Crystal N. Feimster, a native of North Carolina, is an associate professor in the Department of African American Studies, the American Studies Program and History Department at Yale University, where she teaches a range of courses in 19th and 20th century African American history, women’s history, and southern history. She has also taught at Boston College, UNC-Chapel Hill, and Princeton. She earned her Masters Degree and Ph. D. in history from Princeton University and her BA in History and Women’s Studies from UNC-Chapel Hill. Her manuscript, Southern Horrors: Women and the Politics of Rape and Lynching (Harvard University Press, 2009), examines the roles of both black and white women in the politics of racial and sexual violence in the American South. She is currently working on two book projects: Sexual Warfare: Rape and the American Civil War and Truth Be Told: Rape and Mutiny in Civil War Louisiana.
She is also a member of the Global Connections and Violence Focus Program at Monash University in Melbourne, Australia. The GCV Focus program is concerned both with armed conflict and violence, but also with the difficult spaces opened up by global connections and with the effects on individuals and groups caught up in burgeoning networks of free and unfree movement. By understanding the complex effects of global movement and status, the project’s researchers aim to address their challenging legacies.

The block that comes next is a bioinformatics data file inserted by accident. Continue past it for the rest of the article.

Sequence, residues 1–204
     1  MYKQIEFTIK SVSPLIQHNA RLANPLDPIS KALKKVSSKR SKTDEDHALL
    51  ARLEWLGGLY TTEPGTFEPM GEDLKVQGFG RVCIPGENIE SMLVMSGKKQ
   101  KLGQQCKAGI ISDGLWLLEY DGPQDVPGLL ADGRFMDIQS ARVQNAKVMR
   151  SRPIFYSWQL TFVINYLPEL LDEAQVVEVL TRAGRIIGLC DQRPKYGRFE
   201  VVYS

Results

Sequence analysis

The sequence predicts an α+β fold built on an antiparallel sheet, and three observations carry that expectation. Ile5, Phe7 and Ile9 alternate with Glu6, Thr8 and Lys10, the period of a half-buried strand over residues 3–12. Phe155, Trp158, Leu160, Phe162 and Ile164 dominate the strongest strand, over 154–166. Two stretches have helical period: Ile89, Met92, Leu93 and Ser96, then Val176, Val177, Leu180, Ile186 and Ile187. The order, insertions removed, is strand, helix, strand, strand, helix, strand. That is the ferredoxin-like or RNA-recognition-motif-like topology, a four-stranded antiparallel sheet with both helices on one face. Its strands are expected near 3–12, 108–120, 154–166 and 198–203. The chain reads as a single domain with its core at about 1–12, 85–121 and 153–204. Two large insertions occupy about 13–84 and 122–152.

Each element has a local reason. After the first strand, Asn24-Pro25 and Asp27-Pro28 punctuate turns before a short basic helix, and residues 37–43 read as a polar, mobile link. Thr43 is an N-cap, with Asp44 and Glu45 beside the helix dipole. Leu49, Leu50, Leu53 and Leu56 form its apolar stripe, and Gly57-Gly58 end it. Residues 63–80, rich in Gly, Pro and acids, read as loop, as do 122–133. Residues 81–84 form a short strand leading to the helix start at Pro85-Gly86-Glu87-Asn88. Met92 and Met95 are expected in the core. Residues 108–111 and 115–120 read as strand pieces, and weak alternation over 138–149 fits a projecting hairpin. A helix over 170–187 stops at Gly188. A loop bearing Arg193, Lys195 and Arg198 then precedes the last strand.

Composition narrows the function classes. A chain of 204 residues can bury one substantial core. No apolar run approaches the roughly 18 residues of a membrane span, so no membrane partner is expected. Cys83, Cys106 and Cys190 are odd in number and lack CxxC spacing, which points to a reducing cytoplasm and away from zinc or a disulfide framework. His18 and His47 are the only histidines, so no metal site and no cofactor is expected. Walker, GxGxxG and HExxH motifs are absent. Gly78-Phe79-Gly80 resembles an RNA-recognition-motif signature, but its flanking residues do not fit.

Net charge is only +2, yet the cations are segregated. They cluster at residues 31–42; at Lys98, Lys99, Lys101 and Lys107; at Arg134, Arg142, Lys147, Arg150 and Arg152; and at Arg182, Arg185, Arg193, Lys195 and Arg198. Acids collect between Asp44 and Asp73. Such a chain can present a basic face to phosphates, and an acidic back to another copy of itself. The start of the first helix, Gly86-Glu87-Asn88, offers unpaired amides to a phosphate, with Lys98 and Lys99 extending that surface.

Louisa Lombard is an assistant professor of anthropology at Yale University. Her research, primarily sited in remote reaches of Central Africa, asks several questions. How are “stateless” arenas constituted, both now and historically? How should we understand people’s quests for privilege, entitlement, rights, and responsibilities when authority is plural and overlapping? When and why do people use violence and/or collaborate? She is the author of State of Rebellion: Violence and Intervention in the Central African Republic (Zed/Chicago 2016) and Hunting Game: Politics in the Central African Interior (under review with Cambridge University Press), as well as a number of articles on rebellion, armed conservation, and international peacebuilding. She is currently researching how military peacekeepers charged with protecting civilians in the midst of violent conflict understand their work and the moral dilemmas it entails.
Rohit De is a lawyer and historian of modern South Asia and focuses on the legal history of the Indian subcontinent and the common law world. As a legal historian he moves beyond asking what the law was; to what actors thought law was and how this knowledge shaped their quotidian tactics, thoughts and actions. In recent years, this has enabled his research to move beyond the political borders to South Asia to uncover transnational legal geographies of commerce, migration and rights across Africa, Southeast Asia and the Carribean.